Tips & Tutorials

[Part 2] Capturing bright and impressive shot of flowers and subjects with daytime sync

In [Part 2], I will explain the methods of photographing flowers and portrait using daytime sync. Now that you have mastered the procedure for daytime sync in [Part 1], the next step will be to learn how to use flash in situations with insufficient light, such as in a shaded area or at night. (Reported by: Koji Ueda)

Pages: 1 2

Capturing vivid colours of flowers under a shade

Even for shoots that take place in the day, the colour of flowers may turn out dull. In such cases, the flash comes in handy. As the colour of the flash light is close to that of the sunlight in the day, you can produce shots that are as vivid in color as those illuminated by direct light. However, note that shadows would be created at the back of the flowers if the flash is too strong. In this example, I corrected the flash exposure to -1EV to create a natural ambience.

EOS 60D/ EF35mm f/2/ Aperture-priority AE (f/2.5, 1/250 sec.)/ ISO 100/ WB: Auto/ Flash: SPEEDLITE 430EX II (E-TTL, flash exposure compensation: -1EV)

Tips

  • Use flash to reproduce vivid tones
  • Adjust the flash output using flash exposure compensation

Shooting Condition

A shot of flowers blooming in a park. The vivid colour of the blossoms turned out dull as a result of the shade, so I used the flash in replacement of the sunlight.

Position of the subject, camera and Speedlite

A: Approx. 1.0m

Capturing portrait shots while retaining the colour of the sunset

When capturing a portrait shot with the setting sun in the backdrop, adjusting the exposure based on the portrait subject would result in an excessively bright background, thus compromising the ambience of the scenery. Taking this into account, I selected a decreased exposure. When there is a very strong light source inside the image, such as the sun, it is difficult to obtain the intended brightness in the automatic exposure mode. In the example here, I adjusted the exposure according to the brightness of the background in the manual exposure mode, and fired the flash to brighten the portrait subject, which would otherwise appear underexposed as a result.

EOS 7D/ EF70-200mm f/4L IS USM/ Manual exposure (f/10, 1/250 sec.)/ ISO 100/ WB: Flash use/ Flash: SPEEDLITE 430EX II (Manual, 1/2)

Tips

  • Set to a decreased exposure in the manual exposure mode
  • Adjust the brightness of the subject by firing the flash manually

Shooting Condition

This shot was taken on a hill with the setting sun included in the backdrop of the portrait subject. I used a tripod to steady the composition as well as to prevent camera shake.

Position of the subject, camera and Speedlite

A: Approx. 5.0m

How to create lively portrait shots

By firing the flash to brighten the eyes of the portrait subject, you can produce shots with livelier expressions. Light that is reflected in the eyes, known as "catchlight," increases in size when the area of the light source is larger. In this example, flash is fired with the flash emitter directed toward the reflector behind the photographer. The purpose of the reflector is to reflect and diffuse light. Here, the amount of light reflected and diffused was insufficient, so I compensated the flash exposure by +1.3EV.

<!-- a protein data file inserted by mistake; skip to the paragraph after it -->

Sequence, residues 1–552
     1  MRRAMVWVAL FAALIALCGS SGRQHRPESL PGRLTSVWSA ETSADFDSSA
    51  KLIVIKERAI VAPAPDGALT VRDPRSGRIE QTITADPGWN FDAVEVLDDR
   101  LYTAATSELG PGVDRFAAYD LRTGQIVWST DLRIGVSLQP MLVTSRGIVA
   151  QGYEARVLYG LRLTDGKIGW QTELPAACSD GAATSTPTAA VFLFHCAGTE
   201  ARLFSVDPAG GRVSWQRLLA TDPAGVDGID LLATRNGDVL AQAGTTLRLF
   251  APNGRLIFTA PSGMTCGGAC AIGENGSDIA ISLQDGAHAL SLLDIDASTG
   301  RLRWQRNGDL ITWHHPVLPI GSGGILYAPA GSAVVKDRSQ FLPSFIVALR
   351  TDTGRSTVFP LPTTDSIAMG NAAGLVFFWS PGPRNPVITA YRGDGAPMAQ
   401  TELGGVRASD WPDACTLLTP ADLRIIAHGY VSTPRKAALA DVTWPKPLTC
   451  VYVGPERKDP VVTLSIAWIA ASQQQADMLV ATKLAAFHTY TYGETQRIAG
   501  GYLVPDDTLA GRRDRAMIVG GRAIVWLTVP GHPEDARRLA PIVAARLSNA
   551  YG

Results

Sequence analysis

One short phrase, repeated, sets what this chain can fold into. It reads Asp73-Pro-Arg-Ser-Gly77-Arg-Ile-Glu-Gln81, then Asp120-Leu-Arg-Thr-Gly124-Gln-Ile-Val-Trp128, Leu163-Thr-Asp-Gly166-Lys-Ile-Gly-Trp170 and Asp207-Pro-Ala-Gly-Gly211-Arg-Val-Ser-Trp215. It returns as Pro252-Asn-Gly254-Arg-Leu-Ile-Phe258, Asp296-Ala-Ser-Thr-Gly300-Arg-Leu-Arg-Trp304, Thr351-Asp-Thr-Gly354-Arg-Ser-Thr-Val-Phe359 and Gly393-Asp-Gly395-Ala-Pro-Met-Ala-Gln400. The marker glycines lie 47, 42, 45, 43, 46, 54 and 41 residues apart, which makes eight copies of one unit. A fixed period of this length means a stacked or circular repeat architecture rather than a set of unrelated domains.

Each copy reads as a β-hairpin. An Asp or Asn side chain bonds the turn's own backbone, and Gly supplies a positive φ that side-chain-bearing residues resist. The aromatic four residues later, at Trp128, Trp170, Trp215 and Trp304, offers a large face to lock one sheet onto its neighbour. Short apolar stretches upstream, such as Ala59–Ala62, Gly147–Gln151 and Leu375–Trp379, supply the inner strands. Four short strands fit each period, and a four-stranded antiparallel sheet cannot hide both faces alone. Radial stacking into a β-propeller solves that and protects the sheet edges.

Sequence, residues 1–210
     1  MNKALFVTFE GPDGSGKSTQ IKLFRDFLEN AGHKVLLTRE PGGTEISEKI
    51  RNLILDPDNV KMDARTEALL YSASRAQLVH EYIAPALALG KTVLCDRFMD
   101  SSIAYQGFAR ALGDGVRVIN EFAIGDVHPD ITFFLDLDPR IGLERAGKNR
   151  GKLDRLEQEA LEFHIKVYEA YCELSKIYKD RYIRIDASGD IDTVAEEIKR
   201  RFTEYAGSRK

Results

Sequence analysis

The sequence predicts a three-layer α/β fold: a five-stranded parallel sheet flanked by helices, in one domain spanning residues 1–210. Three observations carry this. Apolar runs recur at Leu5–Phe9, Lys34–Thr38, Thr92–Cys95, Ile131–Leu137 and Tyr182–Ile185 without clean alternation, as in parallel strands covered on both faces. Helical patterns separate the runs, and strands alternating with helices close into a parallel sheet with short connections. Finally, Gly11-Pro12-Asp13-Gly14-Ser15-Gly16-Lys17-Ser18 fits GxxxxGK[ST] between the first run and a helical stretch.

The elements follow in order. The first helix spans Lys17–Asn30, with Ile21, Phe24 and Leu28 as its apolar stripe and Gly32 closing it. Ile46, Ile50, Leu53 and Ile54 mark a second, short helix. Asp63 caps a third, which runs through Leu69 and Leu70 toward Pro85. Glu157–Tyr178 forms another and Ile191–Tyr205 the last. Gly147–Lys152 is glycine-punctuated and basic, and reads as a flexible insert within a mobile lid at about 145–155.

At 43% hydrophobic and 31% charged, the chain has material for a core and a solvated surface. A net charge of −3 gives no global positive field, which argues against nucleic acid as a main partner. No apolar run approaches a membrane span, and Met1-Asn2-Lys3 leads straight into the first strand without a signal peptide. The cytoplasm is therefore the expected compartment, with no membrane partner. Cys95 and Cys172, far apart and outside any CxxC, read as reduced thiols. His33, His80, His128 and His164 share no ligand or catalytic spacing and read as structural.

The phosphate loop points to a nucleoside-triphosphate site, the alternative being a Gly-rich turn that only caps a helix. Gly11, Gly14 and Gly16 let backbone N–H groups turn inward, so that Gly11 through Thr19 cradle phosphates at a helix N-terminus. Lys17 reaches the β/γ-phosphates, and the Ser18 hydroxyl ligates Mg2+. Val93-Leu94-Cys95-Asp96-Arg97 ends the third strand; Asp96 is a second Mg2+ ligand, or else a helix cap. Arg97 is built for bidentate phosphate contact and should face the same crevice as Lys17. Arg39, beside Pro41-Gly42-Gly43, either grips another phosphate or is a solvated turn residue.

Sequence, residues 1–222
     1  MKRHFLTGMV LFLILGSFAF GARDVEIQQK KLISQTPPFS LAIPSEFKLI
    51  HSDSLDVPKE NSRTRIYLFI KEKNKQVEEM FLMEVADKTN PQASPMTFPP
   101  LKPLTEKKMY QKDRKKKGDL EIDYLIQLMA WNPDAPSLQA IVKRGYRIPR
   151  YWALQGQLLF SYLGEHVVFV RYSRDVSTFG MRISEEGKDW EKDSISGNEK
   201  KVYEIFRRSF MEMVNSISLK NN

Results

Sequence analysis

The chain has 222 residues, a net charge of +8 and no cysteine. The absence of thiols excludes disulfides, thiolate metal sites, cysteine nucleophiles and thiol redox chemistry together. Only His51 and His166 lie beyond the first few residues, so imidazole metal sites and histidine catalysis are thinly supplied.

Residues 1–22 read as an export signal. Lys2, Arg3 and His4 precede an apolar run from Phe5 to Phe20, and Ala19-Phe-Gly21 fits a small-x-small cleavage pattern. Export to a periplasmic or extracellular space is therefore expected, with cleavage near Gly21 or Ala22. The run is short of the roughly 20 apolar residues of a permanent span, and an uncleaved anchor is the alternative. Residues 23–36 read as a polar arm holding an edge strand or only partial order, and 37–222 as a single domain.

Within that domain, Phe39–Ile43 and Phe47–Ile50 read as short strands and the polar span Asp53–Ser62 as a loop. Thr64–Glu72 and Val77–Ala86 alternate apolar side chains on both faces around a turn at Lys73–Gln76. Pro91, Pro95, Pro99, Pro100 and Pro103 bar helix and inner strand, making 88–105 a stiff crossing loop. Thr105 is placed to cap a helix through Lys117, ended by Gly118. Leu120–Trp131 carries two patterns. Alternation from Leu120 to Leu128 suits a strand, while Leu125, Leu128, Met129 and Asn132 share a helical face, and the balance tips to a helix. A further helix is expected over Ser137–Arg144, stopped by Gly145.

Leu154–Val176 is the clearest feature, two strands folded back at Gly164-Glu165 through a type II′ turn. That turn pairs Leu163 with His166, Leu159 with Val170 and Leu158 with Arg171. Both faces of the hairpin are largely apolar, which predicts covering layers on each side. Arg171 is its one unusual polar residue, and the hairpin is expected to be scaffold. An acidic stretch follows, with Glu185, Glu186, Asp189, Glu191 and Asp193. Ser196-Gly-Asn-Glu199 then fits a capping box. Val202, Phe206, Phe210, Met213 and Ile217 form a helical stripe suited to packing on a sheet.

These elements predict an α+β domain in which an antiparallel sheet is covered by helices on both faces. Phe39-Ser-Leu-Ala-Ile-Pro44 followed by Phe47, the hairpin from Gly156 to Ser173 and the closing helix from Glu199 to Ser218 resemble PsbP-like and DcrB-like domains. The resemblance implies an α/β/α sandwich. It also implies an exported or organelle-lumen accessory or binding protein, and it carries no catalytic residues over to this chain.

EOS 600D/ EF50mm f/1.4 USM/ Aperture-priority AE (f/2.8, 1/200 sec.)/ ISO 100/ WB: Auto/ Flash: SPEEDLITE 580EX II (E-TTL, flash exposure compensation: +1.3EV)

Tips

  • Use the flash to create catchlight in the eyes
  • Use a reflector to reflect light from the flash

Shooting Condition

The portrait subject was standing in a shade in this shot. Under normal circumstances, the resulting image would turn out dark. Also, the beautiful skin tone of the female model would not be conveyed, and her expression would also look dull. What I did in this case was to use a reflector behind the camera to reflect light from the flash, and make use of the soft diffuse light to brighten the subject.

Position of the subject, camera and Speedlite

A: Approx. 0.2m

B: Approx. 1.5m

Steps for Exposure Compensation

For models with a Quick Control Dial

Check the state of the Multi function lock switch, and enable the use of the Quick Control Dial. Next, turn the Quick Control Dial* while half-pressing the shutter button, or within four seconds after half-pressing (six seconds in the case of the EOS-1D series). Turning the Dial in the clockwise direction increases the exposure (brighter), while turning it in the opposite direction decreases the exposure (darker).

* For models not built in with functions such as those in Figure A, half-press the shutter button, followed by turning the Quick Control Dial.

For models with the Exposure compensation button

Turn the Main Dial while pressing down the Exposure compensation button. To increase the exposure (brighter), turn it in the clockwise direction. To decrease, turn it in the opposite direction.

Tips The size of the catchlight varies with the size of the reflector

The size of the catchlight is proportionate to the size of the light source reflected in the eyes. In other words, a large reflector is recommended if you want to create a larger catchlight. Also, the close the reflector is from the eyes, the larger it will appear, so try to find an ideal position for the reflector, camera, and subject. If a reflector is not available, you can use a white wall or a piece of white paper as a substitute.

Change in the size of the catchlight with the reflector size


Small Reflector


Large Reflector

Koji Ueda

Born in Hiroshima in 1982, Ueda started his career as an assistant for photographer Shinichi Hanawa. He later became a freelance photographer, and is now engaged in a wide range of work from magazines to commercials while shooting different cities and landscapes all around the world. He is also a writer and a lecturer at photography lectures and workshops.

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